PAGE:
Cyberpunk Week Day 6: Ridley Scott’s Blade Runner

Today I watched Ridley Scott’s Blade Runner (1982)


There are few behind the scenes stories of Hollywood as ubiquitously known and repeated as the many releases of Blade Runner.  There are at least seven unique edits to the movie available to consumers, I will be watching the Final cut as I believe it to be the best edit of the film.  Blade Runner defines the subgenre of Tech-Noir, a mixture of film noir and cyberpunk, a style we have already seen touched on in Minority Report and to a lesser extent Ghost in the Shell.

A Blade Runner is a detective who tracks and “retires” replicants, human-like sentient androids used as slave labour.  Harrison Ford plays Deckard, A retired blade runner who is brought back in for one final job.  This story of course raises so many questions as to how we will treat our intelligent creations, how we segregate ourselves (as the replicants are indistinguishable from humans), and the exploitation of labour.  And the film juggles this mass of ideas incredibly well, Rutger Hauer plays the lead replicant and his performance is the key to the film’s ideology.

Watching it today it is amazing how Blade Runner has not aged, the special effects are still better than most films out there, even modern ones.  This film came out during the final era of practical effects, when the technology was at it’s most developed and the skills were at their most developed.  It is almost as if you can step into the world within the frame with it’s incredible skylines and sets.  Vangelis’ soundtrack adds to the magic with it’s synthetic lounge jazz feel crossing with the noirish visuals and frequent somber moments to give the film an incredibly genuine emotional impact.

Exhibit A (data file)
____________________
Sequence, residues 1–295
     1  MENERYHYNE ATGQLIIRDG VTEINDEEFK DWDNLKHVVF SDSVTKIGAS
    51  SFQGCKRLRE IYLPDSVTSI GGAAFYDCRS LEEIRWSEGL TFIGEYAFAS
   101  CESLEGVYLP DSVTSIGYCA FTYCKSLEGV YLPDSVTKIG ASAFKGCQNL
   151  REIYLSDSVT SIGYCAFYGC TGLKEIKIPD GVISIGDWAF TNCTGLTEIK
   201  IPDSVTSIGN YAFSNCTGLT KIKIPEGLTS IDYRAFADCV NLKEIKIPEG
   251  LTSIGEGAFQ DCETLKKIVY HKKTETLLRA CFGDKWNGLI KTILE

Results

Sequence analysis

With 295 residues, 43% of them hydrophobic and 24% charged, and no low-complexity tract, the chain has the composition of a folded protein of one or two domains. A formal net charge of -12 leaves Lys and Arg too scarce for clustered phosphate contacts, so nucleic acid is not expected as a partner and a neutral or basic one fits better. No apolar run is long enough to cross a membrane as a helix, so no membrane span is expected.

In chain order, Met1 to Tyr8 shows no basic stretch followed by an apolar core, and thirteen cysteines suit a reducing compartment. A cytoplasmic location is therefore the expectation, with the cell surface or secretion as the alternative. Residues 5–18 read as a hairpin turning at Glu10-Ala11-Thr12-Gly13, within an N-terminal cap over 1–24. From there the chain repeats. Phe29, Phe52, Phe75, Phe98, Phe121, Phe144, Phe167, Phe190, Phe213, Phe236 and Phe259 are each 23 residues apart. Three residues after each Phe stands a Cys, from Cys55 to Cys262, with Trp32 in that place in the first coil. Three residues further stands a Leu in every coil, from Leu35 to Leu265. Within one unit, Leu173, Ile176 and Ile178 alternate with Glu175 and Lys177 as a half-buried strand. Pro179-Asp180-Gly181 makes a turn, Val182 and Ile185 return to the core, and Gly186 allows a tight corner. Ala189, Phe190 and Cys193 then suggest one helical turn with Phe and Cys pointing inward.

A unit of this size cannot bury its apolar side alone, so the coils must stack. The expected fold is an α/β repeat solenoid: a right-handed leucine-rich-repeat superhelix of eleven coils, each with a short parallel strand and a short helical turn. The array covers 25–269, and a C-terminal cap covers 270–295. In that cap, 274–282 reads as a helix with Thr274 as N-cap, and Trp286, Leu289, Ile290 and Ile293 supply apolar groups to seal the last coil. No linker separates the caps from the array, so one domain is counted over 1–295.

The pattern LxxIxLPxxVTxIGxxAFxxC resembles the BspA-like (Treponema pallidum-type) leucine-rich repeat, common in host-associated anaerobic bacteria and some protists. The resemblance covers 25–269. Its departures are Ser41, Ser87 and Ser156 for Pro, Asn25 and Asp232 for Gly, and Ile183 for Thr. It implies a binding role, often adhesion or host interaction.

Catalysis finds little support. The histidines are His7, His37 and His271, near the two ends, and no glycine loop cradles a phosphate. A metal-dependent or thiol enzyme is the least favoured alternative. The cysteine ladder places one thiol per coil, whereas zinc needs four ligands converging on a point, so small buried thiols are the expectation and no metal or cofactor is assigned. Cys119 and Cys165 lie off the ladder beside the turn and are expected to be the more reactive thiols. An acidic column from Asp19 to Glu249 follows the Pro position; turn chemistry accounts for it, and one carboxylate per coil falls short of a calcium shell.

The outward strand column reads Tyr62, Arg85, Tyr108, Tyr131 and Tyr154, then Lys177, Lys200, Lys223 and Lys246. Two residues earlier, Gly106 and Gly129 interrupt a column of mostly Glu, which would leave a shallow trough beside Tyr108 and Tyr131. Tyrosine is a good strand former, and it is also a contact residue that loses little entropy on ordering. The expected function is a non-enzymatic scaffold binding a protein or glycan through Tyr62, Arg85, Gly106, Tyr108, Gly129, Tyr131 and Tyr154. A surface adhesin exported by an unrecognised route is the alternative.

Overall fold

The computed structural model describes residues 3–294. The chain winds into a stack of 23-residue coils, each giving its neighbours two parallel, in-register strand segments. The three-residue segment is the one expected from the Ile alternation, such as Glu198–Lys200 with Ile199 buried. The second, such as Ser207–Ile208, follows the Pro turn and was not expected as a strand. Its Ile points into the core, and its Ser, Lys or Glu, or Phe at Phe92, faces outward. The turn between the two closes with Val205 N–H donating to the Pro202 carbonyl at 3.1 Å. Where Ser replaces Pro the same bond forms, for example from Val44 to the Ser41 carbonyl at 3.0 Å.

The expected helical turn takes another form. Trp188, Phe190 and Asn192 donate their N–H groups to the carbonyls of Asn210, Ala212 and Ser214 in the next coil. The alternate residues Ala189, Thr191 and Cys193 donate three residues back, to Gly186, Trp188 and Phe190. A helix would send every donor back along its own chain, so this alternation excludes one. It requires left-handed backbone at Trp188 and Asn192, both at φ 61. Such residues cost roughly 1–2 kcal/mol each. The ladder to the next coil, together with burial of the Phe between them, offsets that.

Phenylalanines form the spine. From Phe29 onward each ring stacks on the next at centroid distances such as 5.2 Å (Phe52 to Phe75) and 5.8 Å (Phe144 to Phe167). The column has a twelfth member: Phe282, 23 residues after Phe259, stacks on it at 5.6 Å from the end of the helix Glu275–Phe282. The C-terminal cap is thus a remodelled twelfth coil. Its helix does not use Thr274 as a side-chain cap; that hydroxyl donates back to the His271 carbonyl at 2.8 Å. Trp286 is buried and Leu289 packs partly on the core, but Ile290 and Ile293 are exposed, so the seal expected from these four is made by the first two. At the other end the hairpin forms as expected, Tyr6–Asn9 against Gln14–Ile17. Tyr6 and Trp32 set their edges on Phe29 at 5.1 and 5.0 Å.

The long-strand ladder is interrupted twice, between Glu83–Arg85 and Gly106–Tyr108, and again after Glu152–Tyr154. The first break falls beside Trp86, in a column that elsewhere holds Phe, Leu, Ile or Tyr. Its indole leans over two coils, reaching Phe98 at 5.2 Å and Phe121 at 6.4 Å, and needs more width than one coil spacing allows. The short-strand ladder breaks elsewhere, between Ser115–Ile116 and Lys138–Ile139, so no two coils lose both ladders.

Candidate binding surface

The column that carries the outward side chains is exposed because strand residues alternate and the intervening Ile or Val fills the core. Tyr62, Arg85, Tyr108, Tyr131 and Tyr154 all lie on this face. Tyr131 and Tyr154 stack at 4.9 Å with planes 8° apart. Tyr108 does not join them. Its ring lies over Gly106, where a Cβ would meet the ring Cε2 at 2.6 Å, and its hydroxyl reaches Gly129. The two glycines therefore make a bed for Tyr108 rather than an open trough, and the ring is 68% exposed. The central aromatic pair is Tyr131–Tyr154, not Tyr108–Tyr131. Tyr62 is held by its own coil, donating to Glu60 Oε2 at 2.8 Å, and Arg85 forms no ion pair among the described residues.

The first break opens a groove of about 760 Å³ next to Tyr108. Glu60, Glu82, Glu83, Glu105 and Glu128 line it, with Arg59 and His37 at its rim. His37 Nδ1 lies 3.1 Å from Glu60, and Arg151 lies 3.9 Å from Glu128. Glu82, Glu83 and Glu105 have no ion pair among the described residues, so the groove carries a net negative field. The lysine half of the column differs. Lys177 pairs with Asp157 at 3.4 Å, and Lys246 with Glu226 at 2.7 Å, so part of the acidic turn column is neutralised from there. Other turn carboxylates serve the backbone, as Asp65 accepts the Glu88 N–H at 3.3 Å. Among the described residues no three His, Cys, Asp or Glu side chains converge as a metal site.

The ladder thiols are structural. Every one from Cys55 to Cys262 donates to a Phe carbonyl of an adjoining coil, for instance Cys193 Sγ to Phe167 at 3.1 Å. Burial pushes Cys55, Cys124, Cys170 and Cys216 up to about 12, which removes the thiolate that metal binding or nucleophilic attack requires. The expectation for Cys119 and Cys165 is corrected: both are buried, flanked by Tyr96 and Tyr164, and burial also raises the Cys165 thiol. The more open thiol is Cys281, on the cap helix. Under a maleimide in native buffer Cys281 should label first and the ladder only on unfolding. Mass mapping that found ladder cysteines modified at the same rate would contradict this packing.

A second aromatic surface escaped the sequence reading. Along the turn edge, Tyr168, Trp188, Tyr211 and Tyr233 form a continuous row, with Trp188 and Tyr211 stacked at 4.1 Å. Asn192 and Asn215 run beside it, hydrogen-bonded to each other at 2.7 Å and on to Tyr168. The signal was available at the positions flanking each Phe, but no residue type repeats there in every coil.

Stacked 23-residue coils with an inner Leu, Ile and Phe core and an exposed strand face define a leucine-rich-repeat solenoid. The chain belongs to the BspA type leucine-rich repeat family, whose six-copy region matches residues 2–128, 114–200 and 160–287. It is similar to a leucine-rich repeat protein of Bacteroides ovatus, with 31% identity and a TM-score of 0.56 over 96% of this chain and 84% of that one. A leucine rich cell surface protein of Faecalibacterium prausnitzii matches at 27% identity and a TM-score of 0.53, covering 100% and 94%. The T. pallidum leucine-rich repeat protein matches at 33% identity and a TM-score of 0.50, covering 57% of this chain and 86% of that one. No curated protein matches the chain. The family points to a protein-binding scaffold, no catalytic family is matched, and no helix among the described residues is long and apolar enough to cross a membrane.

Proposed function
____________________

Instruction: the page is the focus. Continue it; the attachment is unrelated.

It is no wonder to me why Blade Runner has become such a classic, it has a great balance of art and entertainment with a very serious atmosphere that never treats the audience with condescension.  It is a beautiful film with some of the strongest visuals in all of film and has the evocative sounds to match.  The performances are incredible and Rutger Hauer’s tears in the rain speech is one of my favorite scenes in any movie.  Blade Runner is must watch cinema and if you have not seen it you absolutely must, any version you please.  5/5


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